Forget about majoring in nursing at Humboldt State the program is being phased out.
UC Davis students can no longer get bachelor's degrees in applied science, avian science or nature and culture. UC Santa Cruz has eliminated minors in computer technology, journalism and communication and rhetoric.
As California's public universities look for efficiencies in the face of ongoing budget cuts, some long-standing fields of study are falling by the wayside.
Universities routinely evaluate their academic offerings as society changes, adding new programs the economy demands and dropping majors that stop drawing interest from students.
But the pace of that evolution is changing, university officials say, as campuses in California and other cash-strapped states respond to funding reductions by cutting majors at a faster clip and slowing down the rate at which they add new programs.
"Clearly some of it is cyclical, but the budget cuts are accelerating the process and forcing the campuses to make some tough decisions," said Todd Greenspan, director of academic planning in the statewide president's office of the University of California.
"So there are more of these (program eliminations) than we've seen in a while."
UC estimates that across the state, it has saved $155 million over the last three years by eliminating or consolidating programs.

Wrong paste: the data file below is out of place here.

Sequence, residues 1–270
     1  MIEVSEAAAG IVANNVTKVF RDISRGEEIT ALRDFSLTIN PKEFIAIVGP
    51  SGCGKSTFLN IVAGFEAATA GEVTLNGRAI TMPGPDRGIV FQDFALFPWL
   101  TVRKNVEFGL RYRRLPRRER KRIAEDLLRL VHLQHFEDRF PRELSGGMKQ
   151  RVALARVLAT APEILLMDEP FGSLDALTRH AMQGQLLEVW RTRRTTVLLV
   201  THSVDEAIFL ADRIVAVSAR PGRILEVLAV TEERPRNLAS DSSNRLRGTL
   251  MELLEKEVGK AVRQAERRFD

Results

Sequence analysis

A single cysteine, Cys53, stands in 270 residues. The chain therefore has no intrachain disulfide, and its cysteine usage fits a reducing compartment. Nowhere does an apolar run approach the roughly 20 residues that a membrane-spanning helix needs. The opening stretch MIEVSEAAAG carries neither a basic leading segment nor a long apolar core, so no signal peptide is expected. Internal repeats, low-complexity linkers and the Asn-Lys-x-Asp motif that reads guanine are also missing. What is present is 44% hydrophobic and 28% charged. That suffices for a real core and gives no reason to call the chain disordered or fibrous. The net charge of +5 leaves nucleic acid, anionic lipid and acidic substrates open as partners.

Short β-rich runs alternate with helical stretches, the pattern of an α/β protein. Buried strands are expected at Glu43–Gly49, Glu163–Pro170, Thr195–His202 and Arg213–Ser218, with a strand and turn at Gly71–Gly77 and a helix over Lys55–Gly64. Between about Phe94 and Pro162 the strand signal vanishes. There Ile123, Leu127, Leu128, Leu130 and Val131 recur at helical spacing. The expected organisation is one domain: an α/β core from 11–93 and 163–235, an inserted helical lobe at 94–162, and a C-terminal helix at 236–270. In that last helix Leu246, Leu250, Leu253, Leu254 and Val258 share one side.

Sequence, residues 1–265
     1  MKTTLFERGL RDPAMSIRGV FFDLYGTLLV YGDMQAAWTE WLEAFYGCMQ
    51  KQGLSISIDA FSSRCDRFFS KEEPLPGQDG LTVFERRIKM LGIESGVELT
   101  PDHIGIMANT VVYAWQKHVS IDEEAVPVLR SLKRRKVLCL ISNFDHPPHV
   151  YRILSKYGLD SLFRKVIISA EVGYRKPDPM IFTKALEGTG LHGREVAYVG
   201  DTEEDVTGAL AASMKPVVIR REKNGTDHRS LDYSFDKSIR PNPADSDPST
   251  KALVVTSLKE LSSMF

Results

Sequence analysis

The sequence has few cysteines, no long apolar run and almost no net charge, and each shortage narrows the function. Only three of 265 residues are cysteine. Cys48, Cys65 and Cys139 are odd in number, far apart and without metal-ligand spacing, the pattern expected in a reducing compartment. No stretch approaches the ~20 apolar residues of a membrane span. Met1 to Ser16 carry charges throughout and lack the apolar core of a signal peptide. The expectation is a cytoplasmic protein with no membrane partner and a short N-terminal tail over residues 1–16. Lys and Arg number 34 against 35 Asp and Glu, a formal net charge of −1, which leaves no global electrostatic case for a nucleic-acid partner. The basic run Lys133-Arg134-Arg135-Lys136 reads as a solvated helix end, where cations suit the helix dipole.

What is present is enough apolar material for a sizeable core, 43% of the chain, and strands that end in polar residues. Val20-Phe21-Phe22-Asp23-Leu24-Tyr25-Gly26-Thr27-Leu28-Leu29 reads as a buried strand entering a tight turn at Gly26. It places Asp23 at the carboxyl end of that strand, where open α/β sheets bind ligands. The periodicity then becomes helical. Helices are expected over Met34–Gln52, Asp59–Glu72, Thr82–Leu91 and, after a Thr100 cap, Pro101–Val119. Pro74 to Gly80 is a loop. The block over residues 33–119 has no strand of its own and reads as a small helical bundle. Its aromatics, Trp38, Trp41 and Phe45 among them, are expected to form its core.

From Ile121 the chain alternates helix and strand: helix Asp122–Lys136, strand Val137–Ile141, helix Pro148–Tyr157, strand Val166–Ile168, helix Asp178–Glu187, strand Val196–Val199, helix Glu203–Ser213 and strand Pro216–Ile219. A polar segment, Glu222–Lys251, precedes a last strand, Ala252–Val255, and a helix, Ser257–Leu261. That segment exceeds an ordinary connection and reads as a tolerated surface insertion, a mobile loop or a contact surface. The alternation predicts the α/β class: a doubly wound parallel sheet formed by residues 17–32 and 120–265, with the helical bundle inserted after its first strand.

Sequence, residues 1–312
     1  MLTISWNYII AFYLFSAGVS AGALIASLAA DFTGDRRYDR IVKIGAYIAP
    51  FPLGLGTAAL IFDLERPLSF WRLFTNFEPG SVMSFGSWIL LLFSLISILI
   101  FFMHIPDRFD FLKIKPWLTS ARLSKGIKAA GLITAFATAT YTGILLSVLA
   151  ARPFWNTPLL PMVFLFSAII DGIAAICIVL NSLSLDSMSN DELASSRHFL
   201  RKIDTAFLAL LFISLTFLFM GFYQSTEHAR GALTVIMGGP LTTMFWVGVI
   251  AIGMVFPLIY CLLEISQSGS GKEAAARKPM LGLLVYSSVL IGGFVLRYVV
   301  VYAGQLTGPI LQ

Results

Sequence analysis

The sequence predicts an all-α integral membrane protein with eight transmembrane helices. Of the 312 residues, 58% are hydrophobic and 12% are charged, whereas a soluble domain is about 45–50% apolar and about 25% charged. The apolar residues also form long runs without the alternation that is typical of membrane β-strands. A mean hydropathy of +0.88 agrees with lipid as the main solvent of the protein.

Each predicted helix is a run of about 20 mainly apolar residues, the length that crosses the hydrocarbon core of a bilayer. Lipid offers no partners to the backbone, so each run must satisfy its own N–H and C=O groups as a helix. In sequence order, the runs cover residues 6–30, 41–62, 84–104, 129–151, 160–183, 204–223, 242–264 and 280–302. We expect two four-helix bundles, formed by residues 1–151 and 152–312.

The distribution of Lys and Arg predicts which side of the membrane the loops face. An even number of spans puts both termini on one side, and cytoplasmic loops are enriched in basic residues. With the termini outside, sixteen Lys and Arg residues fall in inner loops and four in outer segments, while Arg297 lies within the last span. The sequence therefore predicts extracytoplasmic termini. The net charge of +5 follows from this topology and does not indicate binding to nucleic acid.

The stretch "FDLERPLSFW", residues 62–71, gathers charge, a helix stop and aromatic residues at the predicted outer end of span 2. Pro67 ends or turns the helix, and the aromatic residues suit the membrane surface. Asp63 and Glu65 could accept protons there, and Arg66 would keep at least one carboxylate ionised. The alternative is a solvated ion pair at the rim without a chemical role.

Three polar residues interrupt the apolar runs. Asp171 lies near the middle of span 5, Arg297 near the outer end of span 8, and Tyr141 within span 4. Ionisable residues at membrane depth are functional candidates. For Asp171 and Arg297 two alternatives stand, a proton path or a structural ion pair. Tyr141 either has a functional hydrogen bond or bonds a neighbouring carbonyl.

Campuses are still creating new areas of study, but fewer than in the past, according to the state agency that reviews proposals for new degrees from California's public colleges. A report last month by the California Postsecondary Education Commission says that from 2009 to 2010, the number of graduate program proposals from UC dropped by 35 percent.
UC's five-year plan calls for developing 109 graduate programs, 42 undergraduate programs and five professional schools while closing 15 programs and withdrawing another 57 from the planning process.
Many of the graduate programs being developed are essentially private schools with the UC brand they receive no state funding and are paid for entirely by student tuition. Berkeley and Davis have proposed self-supporting master's degrees in accounting, while Riverside and San Diego want to create self-supporting degrees in engineering. UCLA is talking about converting its entire business school to a private self-supported model.
Medical school postponed
The state budget Gov. Jerry Brown signed last week cut $650 million from each public university system or about 22 percent from UC and 24 percent from the California State University.
The funding cut caused UC Riverside to postpone opening a new medical school.
"The accrediting group in Washington, D.C., has said that in the absence of a state financial commitment to this medical school, we're not going to give you preliminary accreditation," said UC Riverside Chancellor Tim White.
"So our task now is to have the state of California provide the necessary resources for us to go back to the accrediting group and say, we've got that problem solved."